5G Equipment ID and Subscriber ID Security
Table of Contents
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- GTP Overview
- Configure GTP Stateful Inspection
- Mobile Network Protection Profile
- Get a Packet Capture of a GTP Event
- Disable Tunnel Acceleration
5G Equipment ID and Subscriber ID Security
Information about 5G equipment ID and subscriber ID security.
5G is the next generation mobile technology. New use cases, services, and applications in 5G are in the areas of enhanced Mobile Broadband (eMBB), Ultra-Reliable and Low Latency Communications (URLLC), and massive IoT (MIoT). High value assets and critical processes run on 5G networks. Early adopters of 5G technology are enterprises focused on smart manufacturing, transport and logistics, critical infrastructure, oil, gas, and mining. 5G will accelerate the evolution of IoT as more devices become connected.
The attack surface increases in 5G. One major concern is a greater number of devices connected to 5G networks, which increases the number of opportunities for attackers to exploit the vulnerability of a device. For example, the increased number of devices connected to 5G networks makes it easier to launch a DDoS attack. Most of these devices likely lack robust security and software update mechanisms. Compromised devices can also impact service of the 5G network.
Security is one of the top concerns of organizations planning to adopt 5G. Network security capabilities are required, with the ability to identify and prevent the attack with the granularity of device or equipment identifier and subscriber or user identifier.
Detection of these threats in 5G mobile networks requires identification of compromised equipment, devices, subscribers, and users. Prevention requires the ability to apply network security based on equipment ID, which is a Permanent Equipment Identifier (PEI) including International Mobile Equipment Identity (IMEI), and subscriber ID, which is Subscriber Permanent Identifier (SUPI) including International Mobile Subscriber Identity (IMSI).
5G network functions communicate with each other using the HTTP/2 protocol; HTTP/2 messages carry various mobile network identifiers, such as PEI. Traffic from IoT devices is carried in GTP-U tunnels in the 5G network. The firewall is positioned in N3 and N11 interfaces to inspect both HTTP/2 and GTP-U traffic, and it correlates the mobile network identifier information with the IP traffic inside the GTP-U tunnels in a 5G network.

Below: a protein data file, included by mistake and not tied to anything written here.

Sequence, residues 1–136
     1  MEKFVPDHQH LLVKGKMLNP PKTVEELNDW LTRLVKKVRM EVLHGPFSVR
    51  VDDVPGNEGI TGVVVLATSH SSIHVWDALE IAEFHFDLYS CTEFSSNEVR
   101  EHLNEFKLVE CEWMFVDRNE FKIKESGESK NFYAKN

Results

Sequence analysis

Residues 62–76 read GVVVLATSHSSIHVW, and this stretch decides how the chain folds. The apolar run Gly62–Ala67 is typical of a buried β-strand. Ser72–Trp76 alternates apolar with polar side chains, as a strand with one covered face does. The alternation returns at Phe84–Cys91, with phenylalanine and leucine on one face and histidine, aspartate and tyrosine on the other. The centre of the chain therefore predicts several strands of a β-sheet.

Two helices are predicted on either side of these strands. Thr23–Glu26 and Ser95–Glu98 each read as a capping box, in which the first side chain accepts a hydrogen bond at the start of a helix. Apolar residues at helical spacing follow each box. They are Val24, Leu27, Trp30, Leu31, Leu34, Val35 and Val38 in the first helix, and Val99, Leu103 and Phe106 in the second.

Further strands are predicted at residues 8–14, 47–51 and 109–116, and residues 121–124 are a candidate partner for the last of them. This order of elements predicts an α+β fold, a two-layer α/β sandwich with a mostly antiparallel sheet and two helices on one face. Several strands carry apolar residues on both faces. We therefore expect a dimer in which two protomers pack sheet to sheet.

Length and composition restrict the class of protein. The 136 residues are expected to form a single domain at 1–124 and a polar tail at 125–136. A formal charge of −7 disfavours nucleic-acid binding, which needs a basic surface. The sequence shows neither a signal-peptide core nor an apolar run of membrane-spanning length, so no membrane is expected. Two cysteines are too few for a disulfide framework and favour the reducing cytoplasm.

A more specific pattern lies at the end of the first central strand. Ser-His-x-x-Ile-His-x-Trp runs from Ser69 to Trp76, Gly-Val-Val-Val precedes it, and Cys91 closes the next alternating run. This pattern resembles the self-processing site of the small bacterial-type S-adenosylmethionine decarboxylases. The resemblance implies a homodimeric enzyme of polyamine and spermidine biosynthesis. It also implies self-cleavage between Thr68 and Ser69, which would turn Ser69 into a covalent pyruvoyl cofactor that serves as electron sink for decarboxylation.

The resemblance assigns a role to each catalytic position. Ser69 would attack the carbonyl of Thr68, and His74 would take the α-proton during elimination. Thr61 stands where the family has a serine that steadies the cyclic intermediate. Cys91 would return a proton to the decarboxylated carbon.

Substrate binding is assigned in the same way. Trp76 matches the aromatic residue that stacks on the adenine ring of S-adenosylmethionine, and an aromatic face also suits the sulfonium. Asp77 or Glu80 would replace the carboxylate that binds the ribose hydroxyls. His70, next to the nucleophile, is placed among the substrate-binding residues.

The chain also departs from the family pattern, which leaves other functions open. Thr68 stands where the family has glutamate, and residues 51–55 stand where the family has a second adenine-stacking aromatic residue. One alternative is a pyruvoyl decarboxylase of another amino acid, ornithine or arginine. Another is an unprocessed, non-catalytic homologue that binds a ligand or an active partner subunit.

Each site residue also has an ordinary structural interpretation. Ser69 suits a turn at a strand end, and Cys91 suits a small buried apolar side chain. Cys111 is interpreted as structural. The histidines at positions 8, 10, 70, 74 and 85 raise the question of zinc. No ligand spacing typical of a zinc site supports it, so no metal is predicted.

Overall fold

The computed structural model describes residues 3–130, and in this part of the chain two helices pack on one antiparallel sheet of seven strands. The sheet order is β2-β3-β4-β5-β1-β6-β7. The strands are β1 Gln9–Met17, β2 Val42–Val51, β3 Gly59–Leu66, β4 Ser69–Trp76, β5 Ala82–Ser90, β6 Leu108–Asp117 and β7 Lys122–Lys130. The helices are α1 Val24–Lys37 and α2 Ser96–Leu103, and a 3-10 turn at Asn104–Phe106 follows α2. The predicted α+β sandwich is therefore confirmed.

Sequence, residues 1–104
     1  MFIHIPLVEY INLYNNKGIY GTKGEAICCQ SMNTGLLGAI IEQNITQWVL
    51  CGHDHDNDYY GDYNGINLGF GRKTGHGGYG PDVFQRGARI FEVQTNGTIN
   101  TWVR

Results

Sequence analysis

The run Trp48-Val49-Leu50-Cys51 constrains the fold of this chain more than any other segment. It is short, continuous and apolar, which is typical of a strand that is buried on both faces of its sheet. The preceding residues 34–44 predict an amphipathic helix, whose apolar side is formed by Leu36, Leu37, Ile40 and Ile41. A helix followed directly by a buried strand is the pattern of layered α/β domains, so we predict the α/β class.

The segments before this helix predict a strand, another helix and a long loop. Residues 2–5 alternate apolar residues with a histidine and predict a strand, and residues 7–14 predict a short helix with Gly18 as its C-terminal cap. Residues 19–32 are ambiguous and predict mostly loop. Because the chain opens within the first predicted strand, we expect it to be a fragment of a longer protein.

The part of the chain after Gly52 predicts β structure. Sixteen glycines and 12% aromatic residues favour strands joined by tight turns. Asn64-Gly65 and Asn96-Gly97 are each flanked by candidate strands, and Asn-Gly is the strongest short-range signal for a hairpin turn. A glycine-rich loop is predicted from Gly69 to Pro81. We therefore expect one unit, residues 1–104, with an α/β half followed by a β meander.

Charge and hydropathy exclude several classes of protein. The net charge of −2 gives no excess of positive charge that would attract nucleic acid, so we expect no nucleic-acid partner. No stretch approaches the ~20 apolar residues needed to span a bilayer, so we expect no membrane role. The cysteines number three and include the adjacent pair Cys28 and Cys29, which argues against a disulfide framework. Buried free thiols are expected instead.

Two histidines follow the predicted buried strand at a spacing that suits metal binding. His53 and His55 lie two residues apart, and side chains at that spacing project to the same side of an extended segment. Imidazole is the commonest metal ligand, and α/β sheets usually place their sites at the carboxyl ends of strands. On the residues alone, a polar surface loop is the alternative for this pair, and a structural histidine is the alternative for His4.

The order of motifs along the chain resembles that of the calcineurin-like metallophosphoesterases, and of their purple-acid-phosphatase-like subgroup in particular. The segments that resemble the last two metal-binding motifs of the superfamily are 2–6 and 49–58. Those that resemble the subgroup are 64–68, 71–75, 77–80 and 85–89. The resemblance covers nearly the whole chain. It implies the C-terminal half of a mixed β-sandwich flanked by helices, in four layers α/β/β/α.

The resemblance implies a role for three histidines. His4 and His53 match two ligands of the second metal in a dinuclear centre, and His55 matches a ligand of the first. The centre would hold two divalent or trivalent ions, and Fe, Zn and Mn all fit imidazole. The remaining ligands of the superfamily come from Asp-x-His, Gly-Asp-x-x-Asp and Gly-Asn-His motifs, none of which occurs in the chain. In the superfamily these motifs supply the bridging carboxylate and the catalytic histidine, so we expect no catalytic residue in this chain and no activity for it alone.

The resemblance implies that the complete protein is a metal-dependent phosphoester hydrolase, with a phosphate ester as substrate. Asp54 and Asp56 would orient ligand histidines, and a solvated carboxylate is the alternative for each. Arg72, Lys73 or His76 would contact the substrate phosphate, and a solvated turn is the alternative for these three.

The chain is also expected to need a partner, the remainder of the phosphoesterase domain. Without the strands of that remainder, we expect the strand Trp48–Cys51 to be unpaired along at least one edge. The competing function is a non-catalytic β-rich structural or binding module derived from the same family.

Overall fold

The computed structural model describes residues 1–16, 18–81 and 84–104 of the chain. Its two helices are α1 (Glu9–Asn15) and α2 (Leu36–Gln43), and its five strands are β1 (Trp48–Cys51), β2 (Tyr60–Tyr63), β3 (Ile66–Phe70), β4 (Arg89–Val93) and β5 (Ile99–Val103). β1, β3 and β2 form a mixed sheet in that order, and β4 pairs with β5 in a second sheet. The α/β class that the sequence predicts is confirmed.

In the following private 5G network deployment scenario, only the User Plane Function (UPF) is located on-premises. The 5G Core is located remotely in a central core site or public cloud. To enforce security policy for user and control traffic, the firewall must be positioned on the 5G interfaces, including the User Plane (N3) and Control Plane (N4).
In the following private 5G network deployment scenario, the 5G Core, including the User Plane Function (UPF), is located on-premises. The 5G Core includes network functions (NFs) such as Session Management (SMF) and Access and Mobility Management Function (AMF), as well as others. To enforce security policy for user and control traffic, the firewall must be positioned on the 5G interfaces, including the User Plane (N3) and the Control Plane (N4).
In the following private 5G network deployment scenario, only the Radio Access Network (RAN) is located on-premises.
PAN-OS supports the following HTTP/2 control messages on an N11 interface. From these messages the firewall extracts the identifiers (such as Equipment ID, Subscriber ID, and Network Slice SST) in order to correlate traffic to a specific user at the N3 interface and to match the identifiers to Security policy rules.
- Nsmf_PDUSession_CreateSMContext Request
- Nsmf_PDUSession_CreateSMContext Response
- Nsmf_PDUSession_UpdateSMContext Request
- Nsmf_PDUSession_UpdateSMContext Response
- Nsmf_PDUSession_ReleaseSMContext Request
- Nsmf_PDUSession_ReleaseSMContext Response
- Namf_Communication_N1N2MessageTransfer Request
- Namf_Communication_N1N2MessageTransfer Response
You can apply network security based on the equipment identity of any device or equipment or the subscriber identity of any subscriber or user that is trying to access your 5G network.
You can investigate a security event related to a piece of equipment in a 5G network when you have the PEI including IMEI, or a security event related to a subscriber when you have the SUPI including IMSI. You can look at the traffic, threat, URL filtering and WildFire
®logs and reports.
You can apply the following per equipment ID or subscriber ID: application control, Antivirus, Anti-Spyware, URL filtering, intrusion prevention, and advanced threat prevention with WildFire based on an IMEI, IMSI, or a group of IMEIs or IMSIs.
®supports HTTP/2 control messages on an N11 interface.
5G equipment ID and subscriber ID security support an additional Radio Access Technology (RAT) not supported in 4G, and that is New Radio (NR).
When deciding which firewall model to purchase, consider the total number of 3G, 4G, and 5G network identifiers (Subscriber IDs and Equipment IDs) you need to include as EDL entries or static entries. The following table provides capacities of EDL entries and static entries for each firewall model:
Total 3G, 4G, and 5G Network Identifiers Supported by Dynamic EDL
Total 3G, 4G, and 5G Network Identifiers Supported by Static Entries